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MACPAC Issues June Report to Congress

The Medicaid and CHIP Payment and Access Commission (MACPAC) released its June report to Congress, which includes several chapters on issues of importance to essential hospitals, as well as recommendations for policymakers.

Prescription Drug Coverage

The report offers two recommendations to support states’ development of prescription drug coverage criteria and increase rebates for outpatient prescription drugs to reduce Medicaid spending. Specifically, MACPAC recommends:

  • allowing states to exclude or otherwise restrict coverage of a covered outpatient drug for 180 days after a new drug or new formulation of a drug has been approved by the Food and Drug Administration and has entered the market; and
  • removing the cap on Medicaid drug rebates, which currently is limited to 100 percent of the average manufacturer price, to allow higher rebates on drugs with large price increases.

Third-Party Payments in the Definition of Medicaid Shortfall

The report also suggests on how third-party payments should be treated in the calculation of Medicaid shortfall when used to determine hospital disproportionate share hospital payments.

Several lawsuits have challenged the Centers for Medicare & Medicaid Services’ (CMS’) policies on this issue, with a March 2018 district court ruling that vacated the policy nationwide. In response to concerns about the ruling, MACPAC analyzed the potential impact and recommends that the definition of Medicaid shortfall exclude costs and payments for all Medicaid-eligible patients when Medicaid is not the primary payer.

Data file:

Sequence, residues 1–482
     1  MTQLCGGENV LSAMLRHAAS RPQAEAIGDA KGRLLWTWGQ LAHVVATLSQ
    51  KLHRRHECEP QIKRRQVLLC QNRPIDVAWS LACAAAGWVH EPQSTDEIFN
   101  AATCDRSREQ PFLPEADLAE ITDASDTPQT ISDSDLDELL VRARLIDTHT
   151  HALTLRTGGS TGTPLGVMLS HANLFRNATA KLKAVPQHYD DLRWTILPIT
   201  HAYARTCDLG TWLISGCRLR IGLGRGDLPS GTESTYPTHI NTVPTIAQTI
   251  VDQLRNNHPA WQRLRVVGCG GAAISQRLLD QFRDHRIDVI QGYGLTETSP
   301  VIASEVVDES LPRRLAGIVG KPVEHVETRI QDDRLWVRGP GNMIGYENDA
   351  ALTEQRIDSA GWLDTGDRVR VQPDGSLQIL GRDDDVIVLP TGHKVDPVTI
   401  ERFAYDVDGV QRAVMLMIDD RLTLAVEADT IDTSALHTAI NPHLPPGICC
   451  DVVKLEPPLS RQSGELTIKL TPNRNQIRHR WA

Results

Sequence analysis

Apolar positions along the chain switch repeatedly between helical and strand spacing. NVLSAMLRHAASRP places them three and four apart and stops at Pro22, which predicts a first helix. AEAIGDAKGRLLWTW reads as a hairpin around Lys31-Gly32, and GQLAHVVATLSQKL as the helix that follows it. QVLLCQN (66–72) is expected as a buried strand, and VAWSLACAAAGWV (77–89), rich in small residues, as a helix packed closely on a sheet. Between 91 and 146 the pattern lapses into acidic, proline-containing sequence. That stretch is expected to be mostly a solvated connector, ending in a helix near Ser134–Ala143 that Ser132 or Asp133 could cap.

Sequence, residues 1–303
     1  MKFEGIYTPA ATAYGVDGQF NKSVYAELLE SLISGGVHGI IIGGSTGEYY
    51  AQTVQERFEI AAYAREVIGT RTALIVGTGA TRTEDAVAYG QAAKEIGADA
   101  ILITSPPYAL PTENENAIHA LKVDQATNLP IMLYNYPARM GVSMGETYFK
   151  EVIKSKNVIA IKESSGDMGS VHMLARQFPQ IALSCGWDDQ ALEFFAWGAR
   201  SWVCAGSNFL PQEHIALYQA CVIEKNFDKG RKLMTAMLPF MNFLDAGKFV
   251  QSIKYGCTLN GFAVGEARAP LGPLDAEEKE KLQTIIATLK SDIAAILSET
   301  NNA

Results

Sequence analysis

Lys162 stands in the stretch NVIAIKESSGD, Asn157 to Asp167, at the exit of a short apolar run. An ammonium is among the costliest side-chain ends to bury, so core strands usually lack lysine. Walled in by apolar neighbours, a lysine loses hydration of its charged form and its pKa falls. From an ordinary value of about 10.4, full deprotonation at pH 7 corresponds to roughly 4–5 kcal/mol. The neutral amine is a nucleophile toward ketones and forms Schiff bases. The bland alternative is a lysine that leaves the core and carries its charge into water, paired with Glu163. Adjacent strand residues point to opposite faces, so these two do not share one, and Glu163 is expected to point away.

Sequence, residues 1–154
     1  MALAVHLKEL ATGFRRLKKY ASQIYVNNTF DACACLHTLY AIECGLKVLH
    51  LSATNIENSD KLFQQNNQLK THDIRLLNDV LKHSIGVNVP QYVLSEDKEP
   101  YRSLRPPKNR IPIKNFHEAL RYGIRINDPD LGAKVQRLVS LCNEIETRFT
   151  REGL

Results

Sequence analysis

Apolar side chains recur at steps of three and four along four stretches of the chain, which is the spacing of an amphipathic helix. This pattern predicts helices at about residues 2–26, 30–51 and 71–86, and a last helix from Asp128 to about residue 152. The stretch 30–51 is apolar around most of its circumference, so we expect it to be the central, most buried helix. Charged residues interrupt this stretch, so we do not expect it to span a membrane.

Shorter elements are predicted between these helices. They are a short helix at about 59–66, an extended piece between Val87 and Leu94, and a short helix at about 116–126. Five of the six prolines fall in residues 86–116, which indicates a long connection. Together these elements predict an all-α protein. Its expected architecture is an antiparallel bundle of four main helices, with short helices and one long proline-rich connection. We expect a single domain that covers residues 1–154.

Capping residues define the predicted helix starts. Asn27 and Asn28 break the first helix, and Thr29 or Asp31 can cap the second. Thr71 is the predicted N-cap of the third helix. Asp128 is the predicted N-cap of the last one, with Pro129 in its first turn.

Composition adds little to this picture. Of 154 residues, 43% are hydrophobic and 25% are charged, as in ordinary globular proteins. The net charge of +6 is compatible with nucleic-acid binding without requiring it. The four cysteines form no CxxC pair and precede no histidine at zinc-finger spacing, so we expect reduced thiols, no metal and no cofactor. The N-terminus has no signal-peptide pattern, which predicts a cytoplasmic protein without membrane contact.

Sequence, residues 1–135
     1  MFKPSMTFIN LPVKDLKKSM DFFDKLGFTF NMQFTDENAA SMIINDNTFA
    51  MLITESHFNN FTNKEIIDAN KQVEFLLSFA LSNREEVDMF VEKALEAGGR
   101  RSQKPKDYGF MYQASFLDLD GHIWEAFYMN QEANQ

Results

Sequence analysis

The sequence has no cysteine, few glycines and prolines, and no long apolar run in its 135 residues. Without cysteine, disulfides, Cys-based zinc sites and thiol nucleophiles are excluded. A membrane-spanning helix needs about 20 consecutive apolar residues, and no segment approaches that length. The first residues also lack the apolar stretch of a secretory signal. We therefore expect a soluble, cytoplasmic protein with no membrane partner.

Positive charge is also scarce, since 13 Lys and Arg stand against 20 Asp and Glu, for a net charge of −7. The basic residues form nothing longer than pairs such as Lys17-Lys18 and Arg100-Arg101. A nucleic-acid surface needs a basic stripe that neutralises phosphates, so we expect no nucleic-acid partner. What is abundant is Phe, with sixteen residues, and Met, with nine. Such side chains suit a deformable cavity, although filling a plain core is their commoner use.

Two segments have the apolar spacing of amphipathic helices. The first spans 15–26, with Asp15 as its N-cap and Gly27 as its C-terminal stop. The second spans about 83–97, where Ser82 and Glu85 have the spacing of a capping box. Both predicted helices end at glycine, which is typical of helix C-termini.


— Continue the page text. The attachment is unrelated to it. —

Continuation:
Medicaid Program Integrity

The report includes findings from the commission’s study on how states measure program integrity performance and return on investment (ROI).

MACPAC found many states did not, or could not, calculate ROI because many program integrity activities are required, embedded in broader program functions, or generate benefits that are not easily quantifiable. Specifically, the commission recommends:

  • the Health and Human Services Secretary conduct a rigorous examination of current program integrity activities and pilot tests of novel strategies; and
  • participation in the recovery audit contractor program be optional for states.

Contact Senior Director of Policy Erin O’Malley at eomalley@essentialhospitals.org or 202.585.0127 with questions.

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About the Author

Gontscharow is a senior policy analyst for America's Essential Hospitals.

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